Defendants argue they should not be required to produce any of the documents Plaintiff is seeking. Defendants say the documents are irrelevant to any claim or defense in this case. Even if the documents are relevant, Defendants contend they should not be required to produce them because they contain confidential commercial information within the meaning of Rule 26(c)(1)(G) of the Federal Rules of Civil Procedure and Plaintiff does not need the documents to prosecute its claims. Defendants also say if the Court concludes some discovery related to its supply chain is appropriate, then the Court should prescribe a different discovery method (i.e., not full document production). Defendants propose two alternatives: warehouse inspections of Defendants' inventory or in camera review by the Court of "proof of authenticity." In response, Plaintiff argues the requested documents are relevant to Plaintiffs claims and to three of Defendants' affirmative defenses. Plaintiff maintains Defendants have not shown the requested documents actually contain confidential commercial information. Finally, Plaintiff asserts it needs the requested documents to prosecute its claims and Defendants' proposed alternatives to document production are inadequate because they will not result in production of all the information that is responsive to Plaintiffs discovery requests.

         A. Relevance

         Under Rule 26(b)(1) of the Federal Rules of Civil Procedure, parties "may obtain discovery of any nonprivileged matter that is relevant to any party's claim or defense and proportional to the needs of the case." Fed.R.Civ.P. 26(b)(1). Defendants do not dispute that information about their supply chain for Maui Jim-branded sunglasses is relevant to the issue of whether those sunglasses are genuine and authentic.[2] Instead, Defendants contend Plaintiff has not adequately alleged that Defendants are selling non-genuine, counterfeit sunglasses. The Court disagrees. According to Plaintiffs Complaint, Defendants obtain Maui-Jim branded sunglasses from "unknown sources." Complaint, [ECF No. 1], at ¶ 34. Plaintiff alleges the nonprescription Maui Jim-branded sunglasses Defendants acquire from these unknown sources are "non-genuine" and the prescription Maui Jim-branded sunglasses are "counterfeit" and "not manufactured or otherwise authorized by Plaintiff." See, e.g., Complaint, [ECF No. 1], at ¶¶ 2, 42, 56. Plaintiff also alleges Defendants' advertisements stating that their Maui Jim-branded sunglasses are "approved and manufactured by Plaintiff, " "genuine, " and "authentic" are false or misleading. See, e.g., Id.¶¶ 3, 56. Although Defendants argue discovery related to these allegations should not be permitted because they are too general and vague, Defendants have not moved to dismiss Plaintiffs claims. Instead, Defendants answered the Complaint and filed a counterclaim. As of now, these claims are a part of this case and Plaintiff is entitled to discovery relevant to them.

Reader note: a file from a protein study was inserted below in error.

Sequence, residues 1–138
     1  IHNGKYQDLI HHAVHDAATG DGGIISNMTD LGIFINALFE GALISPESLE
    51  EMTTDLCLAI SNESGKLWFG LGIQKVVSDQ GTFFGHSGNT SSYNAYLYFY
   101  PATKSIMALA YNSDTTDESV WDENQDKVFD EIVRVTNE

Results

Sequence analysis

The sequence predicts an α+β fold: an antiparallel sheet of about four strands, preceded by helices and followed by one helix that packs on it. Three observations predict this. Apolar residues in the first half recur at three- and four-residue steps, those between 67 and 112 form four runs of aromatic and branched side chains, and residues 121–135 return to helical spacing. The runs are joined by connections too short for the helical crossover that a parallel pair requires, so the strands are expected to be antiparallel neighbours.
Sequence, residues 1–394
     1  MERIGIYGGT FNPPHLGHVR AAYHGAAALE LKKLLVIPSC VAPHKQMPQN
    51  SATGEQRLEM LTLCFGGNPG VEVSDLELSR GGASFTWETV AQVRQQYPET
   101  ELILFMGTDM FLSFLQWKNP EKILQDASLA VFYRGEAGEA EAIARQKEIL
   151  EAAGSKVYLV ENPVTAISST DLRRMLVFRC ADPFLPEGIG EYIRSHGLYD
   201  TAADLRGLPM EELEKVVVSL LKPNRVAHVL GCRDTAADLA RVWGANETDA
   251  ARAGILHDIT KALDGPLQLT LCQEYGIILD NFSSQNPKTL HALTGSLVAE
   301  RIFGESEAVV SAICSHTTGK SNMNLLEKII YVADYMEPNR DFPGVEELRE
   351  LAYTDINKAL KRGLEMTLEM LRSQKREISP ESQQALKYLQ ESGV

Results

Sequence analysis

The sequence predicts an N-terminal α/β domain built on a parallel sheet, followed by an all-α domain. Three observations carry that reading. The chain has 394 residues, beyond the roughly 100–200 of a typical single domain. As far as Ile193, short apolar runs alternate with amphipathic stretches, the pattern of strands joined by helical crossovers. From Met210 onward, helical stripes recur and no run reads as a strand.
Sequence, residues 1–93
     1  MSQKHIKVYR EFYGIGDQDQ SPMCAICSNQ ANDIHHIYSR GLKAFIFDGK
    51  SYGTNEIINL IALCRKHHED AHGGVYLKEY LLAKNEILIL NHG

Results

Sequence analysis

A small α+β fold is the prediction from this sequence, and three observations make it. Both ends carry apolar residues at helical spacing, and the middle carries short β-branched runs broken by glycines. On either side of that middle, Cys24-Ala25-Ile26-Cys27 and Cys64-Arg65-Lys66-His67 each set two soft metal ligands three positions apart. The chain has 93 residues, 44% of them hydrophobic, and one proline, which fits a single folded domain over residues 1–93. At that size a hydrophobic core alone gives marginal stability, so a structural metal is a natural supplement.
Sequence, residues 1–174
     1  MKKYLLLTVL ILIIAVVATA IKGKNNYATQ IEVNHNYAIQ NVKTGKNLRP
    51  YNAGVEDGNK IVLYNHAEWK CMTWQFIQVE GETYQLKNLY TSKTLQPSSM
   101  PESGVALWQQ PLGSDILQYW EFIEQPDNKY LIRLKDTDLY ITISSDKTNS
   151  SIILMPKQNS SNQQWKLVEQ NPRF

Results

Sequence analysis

Defendants also have put the identity of their suppliers at issue through their own pleadings. Three of Defendants' affirmative defenses do as much. Defendants explicitly plead that their license affirmative defense is "based on agreements between Maui Jim and its past and present customers and/or distributors." Defendants' Answer, [ECF No. 20], at 37. Defendants assert an exhaustion (or first sale doctrine) affirmative defense, which courts often find opens the door to discovery about a defendant's supply chain.[3] Defendants' Answer, [ECF No. 20], at 36; Pendleton Woolen Mills, Inc. v. Kraff's Men's Wear Co., 2014 WL 7777762, at *8 (D. Or. Nov. 21, 2014), aff'd, 2015 WL 500846 (D. Or. Feb. 2, 2015) ("[T]hose district courts of this Circuit that have considered the issue have found that, in consequence, assertion of the first sale doctrine places supplier information within the scope of discovery under Rule 26(b)(1)."); Adobe Sys. v. Kornrumpf, 2011 U.S. Dist. LEXIS 80613, at *5 (N.D. Cal. July 25, 2011) ("Defendants have put their supplier information at issue by invoking the first sale doctrine .,, ."); Bare Escentuals Beauty, Inc. v. Costco Wholesale Corp., 2007 WL 4357672, at *3 (S.D. Cal. Dec. 11, 2007). The same door is opened by Defendants assertion of a waiver affirmative defense. Defendants' Answer, [ECF No. 20], at 36; Coach, Inc. v. Asia Pac. Trading Co., Inc., 2009 WL 10675238, at *1 (CD. Cal. Aug. 25, 2009); Bare Escentuals Beauty, 2007 WL 4357672, at *3 ("I don't know how [the defendant's waiver affirmative defense] can be decided without understanding who the supplier is to defendant.") (quoting a magistrate ...